Archive for the 'Competitive Markets, Demand and Supply' Category

Jan 17 2011

Market Failure and Bullets

Should hunters switch to ‘green’ bullets? –

Chis Rock once said,

“We don’t need gun control, we need bullet control. I think a bullet should cost $5,000, cause if a bullet cost $5,000 there would be no more innocent bystanders.”

Chris Rock may not have had market failure in mind when he wrote this joke, but he unknowingly demonstrated a perfect example of a case in which the over-consumption of a particular good results in spillover costs on third parties not involved in the original transaction (the “innocent bystanders”). In economics, this is known as a negative externality of consumption, and is considered a market failure because without some kind of government intervention, too much of the harmful good will be produced and consumed: in this case, too many bullets are consumed causing harm to society.

I always thought Chris Rock’s idea of taxing bullets was a good idea, but never thought I’d find a real example of such a solution to market failure, until now. Although the bullets in the article below are those used by hunters, whereas Chris Rock’s bullets are probably those used by gangsters, the economic concepts underlying the market failures are similar.

Three years ago, Phillip Loughlin made a choice he knew would brand him as an outsider with many of his fellow hunters:

He decided to shoot “green” bullets.

“It made sense,” Loughlin said of his switch to more environmentally friendly ammo, which doesn’t contain lead. “I believe that we need to do a little bit to take care of the rest of the habitat and the environment — not just what we want to shoot out of it.”

Lead, a toxic metal that can lower the IQs of children, is the essential element in most ammunition on the market today.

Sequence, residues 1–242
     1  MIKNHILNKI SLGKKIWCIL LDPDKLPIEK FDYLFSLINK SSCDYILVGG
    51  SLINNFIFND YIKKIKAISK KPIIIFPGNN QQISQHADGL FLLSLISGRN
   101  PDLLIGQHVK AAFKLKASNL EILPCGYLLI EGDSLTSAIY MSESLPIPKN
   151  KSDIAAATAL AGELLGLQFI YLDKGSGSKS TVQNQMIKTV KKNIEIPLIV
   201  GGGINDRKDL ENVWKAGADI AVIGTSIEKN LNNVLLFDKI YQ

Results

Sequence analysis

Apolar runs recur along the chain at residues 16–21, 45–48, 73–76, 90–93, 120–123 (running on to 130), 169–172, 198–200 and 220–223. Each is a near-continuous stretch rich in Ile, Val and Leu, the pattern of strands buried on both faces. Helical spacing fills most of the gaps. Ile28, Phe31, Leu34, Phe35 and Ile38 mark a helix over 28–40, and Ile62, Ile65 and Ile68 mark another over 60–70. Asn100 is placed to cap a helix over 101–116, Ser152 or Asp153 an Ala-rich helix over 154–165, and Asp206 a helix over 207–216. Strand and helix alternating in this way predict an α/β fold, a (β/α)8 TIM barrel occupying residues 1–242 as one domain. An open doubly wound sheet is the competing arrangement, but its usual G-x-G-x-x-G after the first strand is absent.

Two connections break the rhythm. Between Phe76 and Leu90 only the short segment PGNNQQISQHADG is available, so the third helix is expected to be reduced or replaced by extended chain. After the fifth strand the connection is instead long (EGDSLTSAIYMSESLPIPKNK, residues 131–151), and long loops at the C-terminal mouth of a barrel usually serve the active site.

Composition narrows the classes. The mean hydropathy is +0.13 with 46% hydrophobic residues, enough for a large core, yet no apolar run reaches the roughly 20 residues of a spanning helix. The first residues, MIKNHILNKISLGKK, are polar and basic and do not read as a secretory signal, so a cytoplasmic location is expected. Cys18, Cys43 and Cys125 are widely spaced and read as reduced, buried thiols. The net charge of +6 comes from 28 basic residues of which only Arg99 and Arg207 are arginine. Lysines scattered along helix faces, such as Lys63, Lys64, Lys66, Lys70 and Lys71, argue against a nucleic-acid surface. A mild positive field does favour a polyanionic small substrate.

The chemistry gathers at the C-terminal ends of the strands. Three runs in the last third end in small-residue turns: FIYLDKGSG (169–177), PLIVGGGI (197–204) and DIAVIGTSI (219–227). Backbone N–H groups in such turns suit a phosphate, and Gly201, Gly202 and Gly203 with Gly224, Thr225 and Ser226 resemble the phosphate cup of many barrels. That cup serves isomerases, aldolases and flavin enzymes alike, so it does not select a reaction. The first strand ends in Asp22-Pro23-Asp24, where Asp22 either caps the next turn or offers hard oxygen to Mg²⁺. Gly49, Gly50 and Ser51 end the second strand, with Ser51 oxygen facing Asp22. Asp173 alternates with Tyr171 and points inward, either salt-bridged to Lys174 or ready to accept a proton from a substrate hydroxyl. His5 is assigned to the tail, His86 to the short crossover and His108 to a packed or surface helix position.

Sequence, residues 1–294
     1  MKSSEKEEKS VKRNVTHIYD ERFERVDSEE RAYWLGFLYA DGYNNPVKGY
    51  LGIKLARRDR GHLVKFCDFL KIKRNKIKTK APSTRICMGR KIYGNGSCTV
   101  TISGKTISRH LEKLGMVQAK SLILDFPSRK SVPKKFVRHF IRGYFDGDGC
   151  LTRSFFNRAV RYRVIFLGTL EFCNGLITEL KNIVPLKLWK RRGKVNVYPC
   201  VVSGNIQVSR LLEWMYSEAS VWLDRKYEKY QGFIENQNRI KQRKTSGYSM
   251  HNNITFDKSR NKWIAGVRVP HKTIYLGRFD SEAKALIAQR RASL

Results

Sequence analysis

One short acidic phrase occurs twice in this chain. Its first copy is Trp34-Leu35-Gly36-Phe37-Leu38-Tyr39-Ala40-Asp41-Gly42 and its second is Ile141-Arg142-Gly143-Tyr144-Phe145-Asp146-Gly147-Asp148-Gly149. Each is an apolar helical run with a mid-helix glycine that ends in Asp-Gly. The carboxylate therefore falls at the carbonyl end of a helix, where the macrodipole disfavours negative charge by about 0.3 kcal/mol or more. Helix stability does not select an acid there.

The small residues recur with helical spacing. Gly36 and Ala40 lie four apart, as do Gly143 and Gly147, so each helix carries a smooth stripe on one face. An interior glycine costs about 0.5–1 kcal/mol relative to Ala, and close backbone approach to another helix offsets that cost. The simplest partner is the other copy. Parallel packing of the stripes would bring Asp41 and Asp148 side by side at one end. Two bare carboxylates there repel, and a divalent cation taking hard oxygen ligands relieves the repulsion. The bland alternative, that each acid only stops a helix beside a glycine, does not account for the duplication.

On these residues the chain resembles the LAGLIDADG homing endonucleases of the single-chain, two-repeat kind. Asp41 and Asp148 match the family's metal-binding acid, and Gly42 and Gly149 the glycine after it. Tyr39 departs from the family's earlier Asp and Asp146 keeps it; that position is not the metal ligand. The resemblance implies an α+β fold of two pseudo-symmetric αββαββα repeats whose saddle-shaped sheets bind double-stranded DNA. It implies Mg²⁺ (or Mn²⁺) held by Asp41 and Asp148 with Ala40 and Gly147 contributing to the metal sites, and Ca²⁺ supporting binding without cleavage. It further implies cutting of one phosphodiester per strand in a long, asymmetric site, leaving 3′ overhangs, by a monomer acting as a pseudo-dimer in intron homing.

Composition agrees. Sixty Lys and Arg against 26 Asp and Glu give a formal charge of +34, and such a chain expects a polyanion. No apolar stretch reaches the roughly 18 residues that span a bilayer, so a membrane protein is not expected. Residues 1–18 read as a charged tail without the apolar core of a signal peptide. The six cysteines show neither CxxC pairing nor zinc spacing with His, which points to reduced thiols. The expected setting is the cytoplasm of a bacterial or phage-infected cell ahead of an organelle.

But greener alternatives are gaining visibility — and stirring controversy — as some hunters, scientists, environmentalists and public health officials worry about lead ammunition’s threat to the environment and public health.

Hunting groups oppose limits on lead ammunition, saying there’s no risk and alternatives are too expensive…

Lead bullets cause harm to the environment and possibly to human health. The private consumption of these bullets exceeds what is socially optimal, while “green” bullets, on the other hand, are under-consumed by private individuals. There are two market failures occurring here, and they can be illustrated as follows:
When markets fail, government action is sometimes necessary to achieve a more socially optimal allocation of resources. The bullet market represents a market failure because too many harmful lead bullets are being consumed while not enough environmentally friendly “green” bullets are being consumed.

The graphs above show the impact of corrective taxes and subsidies in resolving these market failures. Whether or not governments will pursue such corrective policies has yet to be seen. A couple of states, however, appear to already understand that market failures require government intervention.

Last year, California banned lead bullets in the chunk of the state that makes up the endangered California condor’s habitat. The large birds are known to feed on scraps of meat left behind by hunters. Those scraps sometimes contain pieces of lead bullets, and lead poisoning is thought to be a contributor to condor deaths.